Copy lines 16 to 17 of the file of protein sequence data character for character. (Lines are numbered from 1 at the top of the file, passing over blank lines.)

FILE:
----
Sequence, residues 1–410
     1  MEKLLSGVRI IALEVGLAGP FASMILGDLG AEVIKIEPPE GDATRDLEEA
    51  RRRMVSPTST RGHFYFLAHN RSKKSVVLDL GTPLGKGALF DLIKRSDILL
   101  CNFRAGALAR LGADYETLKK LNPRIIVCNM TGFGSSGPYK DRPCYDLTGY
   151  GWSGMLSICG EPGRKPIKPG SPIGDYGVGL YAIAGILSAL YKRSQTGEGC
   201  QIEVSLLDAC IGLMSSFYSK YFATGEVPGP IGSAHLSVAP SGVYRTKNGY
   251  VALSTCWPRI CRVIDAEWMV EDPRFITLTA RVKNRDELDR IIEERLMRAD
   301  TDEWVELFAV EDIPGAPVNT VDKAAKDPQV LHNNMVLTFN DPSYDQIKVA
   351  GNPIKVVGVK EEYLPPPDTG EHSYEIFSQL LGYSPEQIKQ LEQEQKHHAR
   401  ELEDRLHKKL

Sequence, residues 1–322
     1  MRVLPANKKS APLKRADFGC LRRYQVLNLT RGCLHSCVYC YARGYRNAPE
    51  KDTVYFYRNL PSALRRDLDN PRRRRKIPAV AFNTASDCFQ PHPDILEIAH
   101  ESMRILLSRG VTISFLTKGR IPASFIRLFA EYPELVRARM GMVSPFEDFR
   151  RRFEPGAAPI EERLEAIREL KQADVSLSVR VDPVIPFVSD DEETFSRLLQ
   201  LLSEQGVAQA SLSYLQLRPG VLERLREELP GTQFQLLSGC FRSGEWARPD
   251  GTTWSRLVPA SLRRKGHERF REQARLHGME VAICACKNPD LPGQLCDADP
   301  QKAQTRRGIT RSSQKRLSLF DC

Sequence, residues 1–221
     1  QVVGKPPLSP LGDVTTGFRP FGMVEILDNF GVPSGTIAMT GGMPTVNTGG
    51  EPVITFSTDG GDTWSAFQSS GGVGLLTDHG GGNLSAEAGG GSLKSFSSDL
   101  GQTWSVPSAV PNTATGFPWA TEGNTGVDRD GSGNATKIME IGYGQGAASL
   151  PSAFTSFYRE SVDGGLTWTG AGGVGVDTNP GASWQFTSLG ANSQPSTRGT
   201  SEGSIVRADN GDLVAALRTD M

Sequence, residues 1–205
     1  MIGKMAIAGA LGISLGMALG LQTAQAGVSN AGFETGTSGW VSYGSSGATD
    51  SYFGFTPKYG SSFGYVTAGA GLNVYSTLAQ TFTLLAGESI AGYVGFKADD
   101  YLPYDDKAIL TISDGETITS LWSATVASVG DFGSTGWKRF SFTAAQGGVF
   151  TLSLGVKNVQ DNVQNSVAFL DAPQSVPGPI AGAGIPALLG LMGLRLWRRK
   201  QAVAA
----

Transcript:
   201  LLSEQGVAQA SLSYLQLRPG VLERLREELP GTQFQLLSGC FRSGEWARPD
   251  GTTWSRLVPA SLRRKGHERF REQARLHGME VAICACKNPD LPGQLCDADP